3. Promote a radical reduction in the size of criminal justice.
4. Develop policies for a safer society that do not resort to criminal justice.

Hopefully one or more of these goals will have resonated with you – and that is why you are here.

So, there is quite a lot of challenging stuff here in terms of the nature of the ‘problem’, the solutions and how we participate in and drive an alternative debate about crime, harm and justice. I’ll try to briefly elaborate on each of these in turn.

1. The problem = ‘penal excess’:

‘Penal excess’ is not a term I’ve seen used in many contexts and it might not quite be the right term to describe the ‘problem’. However, it’s been used here to loosely capture the over-use, excessive and harmful aspects of criminal justice policy and practice.

  • The bloated nature of the system in terms of it’s size and scope.
  • The invasion of criminal justice ethos and measures into social policy social policy (housing, employment, education and border control) – operating on punitive principles and often funnelling more people into the criminal justice system.
  • The inherently unjust nature of the interventions and sanctions that take place day in, day out, as part of the normal working of the criminal justice system. We see this through it’s disproportionality – for example targeting and poor outcomes for people on low incomes and black and minority ethnic people.

Importantly, a concern with penal excess is not just about prisons. This is about the courts, policing, the wide range of sanctions and measures and the infiltration of criminal justice into social policy.

2. Possible solutions; looking beyond criminal justice
People have told us that they are keen to support ‘social justice’ considerations but that more work needs to be done to understand and shape this into practical campaigns and programmes.

‘Social justice’ is a bit of a slippery concept – but it sounds slightly more positive than ‘non-criminal justice solutions’. In talking about social justice we risk presenting it as the opposite to criminal justice or some kind of panacea to ‘penal excess’. The point about referring to ‘social justice’ is to locate the discussion away from criminal justice reform and looking more broadly at interventions at a range of levels. From tackling social and financial inequality, to thinking about local projects that focus on needs based approaches that avoid the use criminal justice interventions all together.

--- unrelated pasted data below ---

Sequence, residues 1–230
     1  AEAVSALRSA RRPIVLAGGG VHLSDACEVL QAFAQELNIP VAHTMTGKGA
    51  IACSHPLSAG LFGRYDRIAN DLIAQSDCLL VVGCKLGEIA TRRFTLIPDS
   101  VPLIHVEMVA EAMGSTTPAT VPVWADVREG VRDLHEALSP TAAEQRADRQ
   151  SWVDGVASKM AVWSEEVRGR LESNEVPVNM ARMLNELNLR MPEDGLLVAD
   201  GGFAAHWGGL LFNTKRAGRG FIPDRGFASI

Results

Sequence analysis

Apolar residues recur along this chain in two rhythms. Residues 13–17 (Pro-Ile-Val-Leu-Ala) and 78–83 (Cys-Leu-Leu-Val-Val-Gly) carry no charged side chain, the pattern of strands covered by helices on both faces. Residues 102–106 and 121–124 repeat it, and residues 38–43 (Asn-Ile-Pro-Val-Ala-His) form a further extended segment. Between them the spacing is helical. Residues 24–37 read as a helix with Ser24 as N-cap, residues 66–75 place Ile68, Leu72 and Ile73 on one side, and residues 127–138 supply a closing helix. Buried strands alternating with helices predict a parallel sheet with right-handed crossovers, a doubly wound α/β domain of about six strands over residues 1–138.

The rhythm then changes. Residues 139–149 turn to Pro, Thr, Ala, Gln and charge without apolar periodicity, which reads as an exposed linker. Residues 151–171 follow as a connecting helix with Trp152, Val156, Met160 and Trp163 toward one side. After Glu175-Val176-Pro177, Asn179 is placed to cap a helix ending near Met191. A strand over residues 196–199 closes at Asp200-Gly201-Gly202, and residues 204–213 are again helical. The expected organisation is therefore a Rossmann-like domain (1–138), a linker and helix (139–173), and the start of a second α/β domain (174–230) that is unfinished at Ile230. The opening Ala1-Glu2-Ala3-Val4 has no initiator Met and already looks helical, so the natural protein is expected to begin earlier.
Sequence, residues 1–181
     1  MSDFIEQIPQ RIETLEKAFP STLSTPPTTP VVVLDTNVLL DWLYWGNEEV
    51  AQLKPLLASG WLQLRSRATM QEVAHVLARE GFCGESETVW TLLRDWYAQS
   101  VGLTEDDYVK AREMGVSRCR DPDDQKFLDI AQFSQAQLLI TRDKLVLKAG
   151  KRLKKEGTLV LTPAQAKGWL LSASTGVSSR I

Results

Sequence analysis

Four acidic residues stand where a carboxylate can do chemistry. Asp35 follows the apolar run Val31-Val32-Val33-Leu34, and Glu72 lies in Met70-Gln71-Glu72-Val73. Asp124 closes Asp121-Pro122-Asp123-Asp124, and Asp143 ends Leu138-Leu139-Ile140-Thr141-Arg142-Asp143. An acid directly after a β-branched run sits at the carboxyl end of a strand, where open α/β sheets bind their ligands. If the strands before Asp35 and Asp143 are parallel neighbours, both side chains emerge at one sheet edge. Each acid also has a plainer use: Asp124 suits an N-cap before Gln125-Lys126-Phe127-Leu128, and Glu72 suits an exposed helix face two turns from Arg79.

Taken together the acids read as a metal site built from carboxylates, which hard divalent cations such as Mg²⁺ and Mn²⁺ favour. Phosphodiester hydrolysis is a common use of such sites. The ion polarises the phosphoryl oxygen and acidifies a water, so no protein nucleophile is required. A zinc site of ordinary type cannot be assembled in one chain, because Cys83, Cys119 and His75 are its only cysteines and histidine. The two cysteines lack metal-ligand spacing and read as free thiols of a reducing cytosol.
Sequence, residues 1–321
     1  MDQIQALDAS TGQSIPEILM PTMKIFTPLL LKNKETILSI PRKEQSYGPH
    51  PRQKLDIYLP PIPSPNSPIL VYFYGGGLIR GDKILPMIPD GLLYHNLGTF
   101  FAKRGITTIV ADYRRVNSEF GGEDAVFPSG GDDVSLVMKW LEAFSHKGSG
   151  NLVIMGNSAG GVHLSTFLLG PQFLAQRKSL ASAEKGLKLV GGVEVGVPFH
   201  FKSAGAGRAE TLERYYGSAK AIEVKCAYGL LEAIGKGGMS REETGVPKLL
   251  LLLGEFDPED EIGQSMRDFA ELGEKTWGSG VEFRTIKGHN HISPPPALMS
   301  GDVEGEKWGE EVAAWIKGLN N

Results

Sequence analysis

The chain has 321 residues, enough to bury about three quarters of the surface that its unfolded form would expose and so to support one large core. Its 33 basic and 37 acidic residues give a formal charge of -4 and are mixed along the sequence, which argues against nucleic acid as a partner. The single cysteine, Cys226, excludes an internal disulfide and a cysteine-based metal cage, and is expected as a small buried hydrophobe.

Angela Davis in her book ‘Are prisons obsolete?’ (2003) talks about searching for a ‘continuum of alternatives’ –

“We would not be looking for prison like substitutes for the prison, such as house arrest safeguarded by electronic surveillance bracelets. Rather, positing decarceration as our overarching strategy, we would try to envision a continuum of alternatives to imprisonment – demilitarization of schools, revitalization of education at all levels, a health system that provides free physical and mental care to all, and a justice system based on reparation and reconciliation rather than retribution and vengeance.’

Social justice and ‘non-criminal justice’ solutions and campaigns should be defined by coalition members once this is up and running – but programmes could include violence reduction strategies, community responses to harm, building a more equal society and exploring alternative institutional arrangements to punishment.

This is something that needs clearer definition and work, but there are avenues worth exploring and practical solutions that we can seek out.

3. Need for a new voice in the debate
Through working collaboratively on a number of fronts, it should be possible to confidently establish the argument for a radically reduced criminal justice system as a credible voice in the debate – and to discover and promote social justice programmes to offer genuine alternatives.

There will be a wide spectrum of views on what a ‘radically reduced CJ system’ might look like in terms of its scope and size– but this is about being ambitious and constantly keeping in mind the long term goal where there are other, alternative and more humane, and effective, ways of reducing harm, and dealing with social problems

This is going to be challenging. However, there is plenty we can do. We can say no to criminal justice, and explain why criminal justice isn’t the answer – and seek out and promote alternative, non-criminal justice options.

I want to be clear here about what this is and what this is not. While we are concerned about poor conditions and harmful practices within the criminal justice system, for me this is not about improving community sentences or finding better rehabilitation and treatment programmes. This space is already occupied in the campaigning and policy world.

We want to connect with people who understand the harmful nature of penal excess and recognise that the path to a safer society lies outside of criminal justice. The goal is to work collaboratively to deliver campaigns and projects that demonstrate true and long lasting social justice alternatives. This isn’t about ignoring violence, theft and other harms – we need to develop policies for a safer society that do not resort to police, prisons and punishment.

Rebecca Roberts is Senior Policy Associate at the Centre for Crime and Justice Studies.

This entry was posted in Articles, Comment and Resources. Bookmark the permalink.